Among English speakers, there seems to be an irresistible, universal urge to coin words through blending word parts—to create what Lewis Carroll called portmanteau words. (Chortle, frabjous, and galumph are a few of Carroll’s famous portmanteaus.) But popular as they are, portmanteaus fail much more frequently than they succeed. In his book Predicting New Words, Allan Metcalf—the executive director of the American Dialect Society—estimates that only 5 percent of successful new words are blends. For every winner like brunch or smog there are countless losers like linner (coined from lunch plus dinner) and plerk (play plus work).
Those daunting odds don’t seem to be much of a deterrent, though, especially among novice name developers. Perhaps that’s because effective portmanteaus pack such a wallop. Consider Freakonomics, Edutopia, or Gymini. Each name clearly communicates two meanings while being easy to pronounce and fun to say.
Beware, though: hitting the target requires a practiced ear and semantic savvy. Without those abilities, you’re likely to miss by a mile—as do these less-than-effective portmanteau names that I’ve noticed recently.
“A gymnasium develops the body—Mathnasium develops the mind,” explains the web copy for this chain of after-school learning centers. Unfortunately, the name is less than the sum of its parts. We abbreviate gymnasium to gym, not nasium; separated from the rest of the word, –nasium suggests “nasal” or “nasturtium,” not “workout.” The logo isn’t helping here: the red “A+” stands out as a symbol of excellence, but it also draws attention to “hnasium,” which is just puzzling.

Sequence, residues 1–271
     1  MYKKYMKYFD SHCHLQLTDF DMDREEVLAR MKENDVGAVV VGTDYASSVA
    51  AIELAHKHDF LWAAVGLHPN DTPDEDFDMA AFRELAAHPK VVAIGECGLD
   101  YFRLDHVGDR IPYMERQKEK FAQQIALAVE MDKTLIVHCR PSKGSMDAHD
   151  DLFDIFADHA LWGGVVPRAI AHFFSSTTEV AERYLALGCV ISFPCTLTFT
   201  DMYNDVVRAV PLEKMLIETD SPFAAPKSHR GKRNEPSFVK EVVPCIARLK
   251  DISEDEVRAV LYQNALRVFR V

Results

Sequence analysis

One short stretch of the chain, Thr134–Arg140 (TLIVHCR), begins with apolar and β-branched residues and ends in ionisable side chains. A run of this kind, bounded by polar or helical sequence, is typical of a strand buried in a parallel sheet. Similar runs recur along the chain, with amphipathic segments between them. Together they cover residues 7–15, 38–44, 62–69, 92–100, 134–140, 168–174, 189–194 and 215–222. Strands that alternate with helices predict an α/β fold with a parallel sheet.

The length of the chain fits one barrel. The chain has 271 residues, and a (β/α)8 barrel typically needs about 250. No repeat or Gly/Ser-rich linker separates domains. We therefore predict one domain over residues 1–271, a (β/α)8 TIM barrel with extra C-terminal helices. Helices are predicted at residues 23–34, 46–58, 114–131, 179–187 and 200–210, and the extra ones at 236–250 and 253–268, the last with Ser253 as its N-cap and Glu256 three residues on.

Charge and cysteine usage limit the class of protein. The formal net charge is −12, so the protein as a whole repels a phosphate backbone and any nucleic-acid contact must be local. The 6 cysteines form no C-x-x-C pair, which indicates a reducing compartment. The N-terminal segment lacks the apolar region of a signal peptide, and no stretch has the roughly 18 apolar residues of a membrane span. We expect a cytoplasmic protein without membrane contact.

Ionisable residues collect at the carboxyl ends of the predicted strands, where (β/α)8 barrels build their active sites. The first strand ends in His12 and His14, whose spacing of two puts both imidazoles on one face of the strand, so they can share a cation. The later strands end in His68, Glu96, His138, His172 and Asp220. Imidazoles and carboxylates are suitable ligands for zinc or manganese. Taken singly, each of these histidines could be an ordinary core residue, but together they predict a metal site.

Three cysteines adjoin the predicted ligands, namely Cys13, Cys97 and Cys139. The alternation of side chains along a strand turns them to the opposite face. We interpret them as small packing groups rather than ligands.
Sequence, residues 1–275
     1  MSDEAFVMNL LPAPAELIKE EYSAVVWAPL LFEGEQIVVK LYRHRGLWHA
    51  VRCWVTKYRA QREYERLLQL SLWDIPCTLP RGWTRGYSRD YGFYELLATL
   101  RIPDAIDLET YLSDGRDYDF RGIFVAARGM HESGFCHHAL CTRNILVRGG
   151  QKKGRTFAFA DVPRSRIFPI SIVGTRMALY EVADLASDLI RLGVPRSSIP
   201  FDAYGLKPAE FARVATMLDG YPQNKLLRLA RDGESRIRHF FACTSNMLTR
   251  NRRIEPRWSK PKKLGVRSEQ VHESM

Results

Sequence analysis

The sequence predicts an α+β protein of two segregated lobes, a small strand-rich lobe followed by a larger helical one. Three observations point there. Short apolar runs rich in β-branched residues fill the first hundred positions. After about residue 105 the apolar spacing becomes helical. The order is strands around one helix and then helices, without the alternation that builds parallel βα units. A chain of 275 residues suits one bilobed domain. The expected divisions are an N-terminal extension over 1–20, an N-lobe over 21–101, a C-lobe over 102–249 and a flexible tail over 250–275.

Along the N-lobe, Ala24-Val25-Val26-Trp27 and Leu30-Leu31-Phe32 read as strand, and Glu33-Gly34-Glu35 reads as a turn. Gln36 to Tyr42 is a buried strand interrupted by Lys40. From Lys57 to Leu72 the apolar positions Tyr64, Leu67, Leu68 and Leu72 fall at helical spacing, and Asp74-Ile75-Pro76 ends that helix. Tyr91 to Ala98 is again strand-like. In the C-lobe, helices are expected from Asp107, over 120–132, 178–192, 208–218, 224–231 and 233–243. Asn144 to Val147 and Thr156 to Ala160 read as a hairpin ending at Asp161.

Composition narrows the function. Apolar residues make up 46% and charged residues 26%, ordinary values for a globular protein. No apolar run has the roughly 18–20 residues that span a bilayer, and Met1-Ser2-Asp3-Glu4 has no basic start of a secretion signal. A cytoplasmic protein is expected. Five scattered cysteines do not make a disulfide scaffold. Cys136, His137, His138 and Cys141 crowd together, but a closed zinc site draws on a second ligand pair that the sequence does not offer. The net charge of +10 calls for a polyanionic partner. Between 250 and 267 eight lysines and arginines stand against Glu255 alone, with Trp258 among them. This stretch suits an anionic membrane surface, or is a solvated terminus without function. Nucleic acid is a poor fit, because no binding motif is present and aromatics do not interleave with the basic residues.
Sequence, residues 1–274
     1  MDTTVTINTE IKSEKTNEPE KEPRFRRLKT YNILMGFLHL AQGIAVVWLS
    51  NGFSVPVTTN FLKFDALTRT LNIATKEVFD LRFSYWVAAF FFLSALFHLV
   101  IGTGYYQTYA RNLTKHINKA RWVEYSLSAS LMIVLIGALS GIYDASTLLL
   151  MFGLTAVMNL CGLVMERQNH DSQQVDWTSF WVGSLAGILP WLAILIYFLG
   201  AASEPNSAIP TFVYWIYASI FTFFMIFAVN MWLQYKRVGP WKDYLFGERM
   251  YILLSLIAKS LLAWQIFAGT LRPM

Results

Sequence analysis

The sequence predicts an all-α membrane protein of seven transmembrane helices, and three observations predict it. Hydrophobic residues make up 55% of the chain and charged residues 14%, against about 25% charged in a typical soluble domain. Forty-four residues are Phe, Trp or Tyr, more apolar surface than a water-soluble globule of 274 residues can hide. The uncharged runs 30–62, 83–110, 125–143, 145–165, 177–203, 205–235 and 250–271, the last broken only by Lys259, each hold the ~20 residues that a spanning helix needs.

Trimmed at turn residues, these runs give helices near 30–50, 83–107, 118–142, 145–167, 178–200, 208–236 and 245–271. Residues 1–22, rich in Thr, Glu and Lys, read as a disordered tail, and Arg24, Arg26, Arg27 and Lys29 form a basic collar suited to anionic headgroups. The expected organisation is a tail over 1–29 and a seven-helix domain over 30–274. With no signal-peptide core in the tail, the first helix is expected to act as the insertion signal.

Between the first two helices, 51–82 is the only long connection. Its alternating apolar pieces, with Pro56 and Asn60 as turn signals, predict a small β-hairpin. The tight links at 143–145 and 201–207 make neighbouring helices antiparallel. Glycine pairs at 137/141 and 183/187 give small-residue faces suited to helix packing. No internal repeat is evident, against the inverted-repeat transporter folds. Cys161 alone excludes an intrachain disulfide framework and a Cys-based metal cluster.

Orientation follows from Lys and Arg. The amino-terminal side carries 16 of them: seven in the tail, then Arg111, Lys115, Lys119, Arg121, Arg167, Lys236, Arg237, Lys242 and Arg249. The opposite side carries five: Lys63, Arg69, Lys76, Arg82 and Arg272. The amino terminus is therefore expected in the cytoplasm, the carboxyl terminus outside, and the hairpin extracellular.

It’s not that we don’t get the meaning of this name: it’s obviously formed from kid and philanthropy. But the Greek roots of philanthropy are phil- (loving) and -anthropos (humanity); -lanthropy makes no sense, and kid bumps up against it awkwardly.
When tweaking a foreign import such as philanthropy, you need to make the new word as seamless and fluent as possible: Freakonomics works because it maintains the sound as well as the meaning of “economics.” In this case, you might be able to get away with a coinage like fuelanthropy (subsidized heating oil?), which is just a vowel sound away from the original word, but caution is required.
Besides, here’s a concept—introducing children to the virtues of generosity—that begs for a playful, upbeat name that’s metaphoric rather than literal, and straightforward rather than multisyllabic and abstract.
This organization’s problems may go beyond a weak name. The logo is cute and colorful, but conveys nothing about charity or the spirit of giving. Nothing’s been posted on the Kidlanthropy blog for almost a year, and the organization’s Twitter account is infrequently updated with poorly spelled, poorly punctuated messages.
Another shotgun marriage of word parts: the first syllable of euphoria sounds nothing like nail, so the resulting blend is clunky and inelegant—just the opposite of what a day spa’s image ought to be. (It isn’t even accurate: this establishment offers skin care and massage as well as manicures and pedicures.) The hodgepodge approach extends to the website design and typography. Oh, and here’s a free content tip: when you tell your Worldwide Web visitors that you’re located in “Downtown,” it’s a good idea to let them know which city you’re talking about.